Published Tuesday, Sept. 23, 2008 | 4:40 p.m.
Updated Tuesday, Oct. 28, 2008 | 10:15 a.m.
Drifting into the ballroom on the second floor of the Palace Station were former shills and dealers and hostesses and waiters and pit bosses – the employees who worked in the trenches of the Sahara years ago, making the resort one of the most popular in town back in the day.
Most had gray hair and thinning hair. Some were stooped, some still stood tall and erect despite age; one had an oxygen tank in tow.
Each had a memories to share about working at the Sahara where Louis Prima and Keely Smith and Sam Butera worked the lounge in the ‘50s and entertainers such as Judy Garland, Marlene Dietrich Shirley and Jeanette MacDonald were found in the main rooms.
Times were different. Some were around when the mob was still dominant.
“They were great,” recalls Giovanni (Johnny) Ventura, 76. “This was a safe town back then. The only ones who ended up out in the desert were the ones who tried to cheat.”
Ventura lived in Vegas in 1960 and ‘61, settling here after being discharged from the Navy. In ‘61 he returned to his native Utica, N.Y., and returned in 1991 after retiring.
Although he never worked at the Sahara, but he knew a lot of people who did, including entertainment director Stan Irwin.
Among other places Ventura worked at the Desert Inn as a shill – if a table was empty, he would play to draw a crowd and then move on.
Robin Feigelman, who organizes the annual reunion, also worked as a shill when she first arrived in Vegas in 1968.
“I was a 21 shill at Pussy Cat A Go Go,” a famous disco on the Strip that also had table games, Feigelman recalled. “Then I was a keno runner at the Horseshow and then the Fremont and the Frontier and the Flamingo.”
In 1970 she went to work as a pit clerk at the Sahara.
“About that time there were more and more gaming regulations and the paper work became too much for the bosses and they needed someone to take that responsibility,” Feigelman said. “We did all of the paperwork, plus numerous other things.”
She said she had a better relationship with the bosses than most.
“I had a college education, most of the others didn’t,” she said.
After eight years at the Sahara she moved to the Sands and then in 1982 lost her job because of a recession and since then has worked for a cash register company.
She was a math teacher in New York City when the heat of the desert lured her to Las Vegas at the end of a four-week vacation.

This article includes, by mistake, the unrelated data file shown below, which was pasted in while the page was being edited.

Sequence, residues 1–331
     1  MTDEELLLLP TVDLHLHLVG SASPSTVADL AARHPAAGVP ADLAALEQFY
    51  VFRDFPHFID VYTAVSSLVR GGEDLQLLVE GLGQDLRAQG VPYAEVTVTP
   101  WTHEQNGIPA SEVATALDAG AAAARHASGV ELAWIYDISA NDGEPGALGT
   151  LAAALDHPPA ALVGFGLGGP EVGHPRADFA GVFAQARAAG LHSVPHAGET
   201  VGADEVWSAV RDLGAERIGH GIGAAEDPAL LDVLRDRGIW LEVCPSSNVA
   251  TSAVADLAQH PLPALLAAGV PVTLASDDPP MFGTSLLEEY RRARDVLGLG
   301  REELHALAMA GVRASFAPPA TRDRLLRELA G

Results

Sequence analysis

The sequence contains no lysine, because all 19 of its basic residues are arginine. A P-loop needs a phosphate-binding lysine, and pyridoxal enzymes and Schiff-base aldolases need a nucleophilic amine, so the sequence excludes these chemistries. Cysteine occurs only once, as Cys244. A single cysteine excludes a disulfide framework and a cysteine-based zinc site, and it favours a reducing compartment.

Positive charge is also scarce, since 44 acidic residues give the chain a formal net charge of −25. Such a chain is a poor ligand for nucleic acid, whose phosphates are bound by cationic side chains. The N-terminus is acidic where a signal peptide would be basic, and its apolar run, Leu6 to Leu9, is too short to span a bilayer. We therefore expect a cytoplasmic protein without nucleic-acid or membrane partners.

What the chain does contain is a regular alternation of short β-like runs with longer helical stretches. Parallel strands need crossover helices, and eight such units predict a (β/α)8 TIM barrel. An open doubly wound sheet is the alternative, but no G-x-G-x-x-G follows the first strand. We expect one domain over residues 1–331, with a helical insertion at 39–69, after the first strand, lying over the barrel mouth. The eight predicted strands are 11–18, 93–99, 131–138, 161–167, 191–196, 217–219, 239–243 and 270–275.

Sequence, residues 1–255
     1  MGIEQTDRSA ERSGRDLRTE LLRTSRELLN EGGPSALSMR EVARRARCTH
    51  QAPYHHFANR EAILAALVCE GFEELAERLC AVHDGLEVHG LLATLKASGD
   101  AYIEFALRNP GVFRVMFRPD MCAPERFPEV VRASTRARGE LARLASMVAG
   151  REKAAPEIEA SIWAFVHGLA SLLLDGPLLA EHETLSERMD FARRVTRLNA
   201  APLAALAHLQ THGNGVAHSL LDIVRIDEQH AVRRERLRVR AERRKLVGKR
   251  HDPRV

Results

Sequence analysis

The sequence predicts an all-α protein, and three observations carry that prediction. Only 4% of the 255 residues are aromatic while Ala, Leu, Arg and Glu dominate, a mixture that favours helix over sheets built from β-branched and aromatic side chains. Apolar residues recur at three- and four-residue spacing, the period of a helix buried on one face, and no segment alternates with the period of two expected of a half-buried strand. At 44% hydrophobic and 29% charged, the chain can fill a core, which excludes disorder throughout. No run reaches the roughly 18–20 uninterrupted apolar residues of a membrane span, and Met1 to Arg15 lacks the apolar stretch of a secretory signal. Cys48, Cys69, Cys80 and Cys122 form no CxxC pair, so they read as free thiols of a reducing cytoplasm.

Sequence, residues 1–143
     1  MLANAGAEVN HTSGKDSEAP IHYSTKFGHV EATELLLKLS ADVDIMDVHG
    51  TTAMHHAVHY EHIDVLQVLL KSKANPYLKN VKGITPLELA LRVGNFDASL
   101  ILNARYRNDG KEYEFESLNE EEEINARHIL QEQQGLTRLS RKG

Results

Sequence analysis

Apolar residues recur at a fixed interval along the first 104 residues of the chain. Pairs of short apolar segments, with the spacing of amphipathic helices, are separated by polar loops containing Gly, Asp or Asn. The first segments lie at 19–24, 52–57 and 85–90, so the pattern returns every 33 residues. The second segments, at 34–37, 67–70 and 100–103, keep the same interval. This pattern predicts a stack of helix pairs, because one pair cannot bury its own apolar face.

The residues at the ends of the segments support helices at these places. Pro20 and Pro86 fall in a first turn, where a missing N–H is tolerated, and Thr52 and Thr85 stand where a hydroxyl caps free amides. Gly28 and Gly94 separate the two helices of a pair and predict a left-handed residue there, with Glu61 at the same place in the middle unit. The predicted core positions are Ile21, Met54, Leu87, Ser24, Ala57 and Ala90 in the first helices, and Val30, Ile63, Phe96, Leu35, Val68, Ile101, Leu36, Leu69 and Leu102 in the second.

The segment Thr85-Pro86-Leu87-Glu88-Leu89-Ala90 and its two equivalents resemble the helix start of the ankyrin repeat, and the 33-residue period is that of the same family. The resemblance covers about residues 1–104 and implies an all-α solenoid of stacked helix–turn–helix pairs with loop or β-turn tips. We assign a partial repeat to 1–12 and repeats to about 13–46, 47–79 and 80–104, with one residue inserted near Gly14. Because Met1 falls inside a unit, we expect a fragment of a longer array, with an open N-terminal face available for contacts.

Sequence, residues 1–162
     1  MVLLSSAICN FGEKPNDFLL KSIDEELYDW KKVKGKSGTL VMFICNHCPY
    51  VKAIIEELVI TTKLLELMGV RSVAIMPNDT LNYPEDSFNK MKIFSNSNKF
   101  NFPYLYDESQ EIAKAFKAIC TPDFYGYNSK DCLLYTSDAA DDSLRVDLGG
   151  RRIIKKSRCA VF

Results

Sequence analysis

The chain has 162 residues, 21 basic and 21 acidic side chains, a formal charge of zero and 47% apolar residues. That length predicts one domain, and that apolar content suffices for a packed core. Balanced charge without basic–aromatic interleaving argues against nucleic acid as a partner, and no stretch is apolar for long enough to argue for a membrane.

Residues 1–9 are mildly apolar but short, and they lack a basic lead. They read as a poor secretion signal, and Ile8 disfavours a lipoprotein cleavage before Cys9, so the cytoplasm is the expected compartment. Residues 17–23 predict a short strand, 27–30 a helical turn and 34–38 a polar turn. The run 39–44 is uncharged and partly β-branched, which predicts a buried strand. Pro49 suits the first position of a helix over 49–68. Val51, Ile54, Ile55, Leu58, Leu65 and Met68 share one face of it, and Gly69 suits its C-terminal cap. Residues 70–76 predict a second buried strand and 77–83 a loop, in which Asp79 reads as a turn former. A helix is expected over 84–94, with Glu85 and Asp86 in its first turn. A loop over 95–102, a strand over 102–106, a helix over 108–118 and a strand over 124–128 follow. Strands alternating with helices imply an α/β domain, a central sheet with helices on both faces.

“I landed her on June 10, 1968 and it was 95 degrees at midnight,” she said. “I thought I was in paradise, and there was no humidity. I fell in love with the city.
“It was wide open — not physically, but psychologically. It wasn’t cliquey. No matter who you were you were accepted. And Las Vegas was very safe. You could walk around any time day or night and nobody would both you.”
Mike Gnatovich (gu – NAT — oh – vich) came up with the idea for the Sahara Former Employees reunion 15 years ago.
“This all started when I came back from Ohio after attending a family funeral,” he says. “I was tired of going to family funerals, going and seeing people at funerals. There were not enough remembrances of good old days and I decided to see if I could start something.”
A couple of phone calls was all it took.
Gnatovich, who retired a couple of years ago, became a fan of Las Vegas at the age of 11 when he was living in Steubenville, Ohio (Dean Martin’s hometown) and his older brothers worked in gaming.
“One of them sent me a money order for $20 for my birthday and I knew then that’s what I wanted to do,” he said. “To be a dealer in Las Vegas.”
After high school he joined the navy. After three years on a submarine, where he played a lot of poker, he moved to Vegas.
“I was a month away from my 21st birthday,” said Gnatovich, who worked at the Sahara from 1967 to 1972.
A roommate taught him the rudiments of table games and when he turned 21 he went to work for Jackie Gaughan downtown.
“Minimum wage was $1 an hour and I made $8 a day,” he said. “But I loved every minute of it.”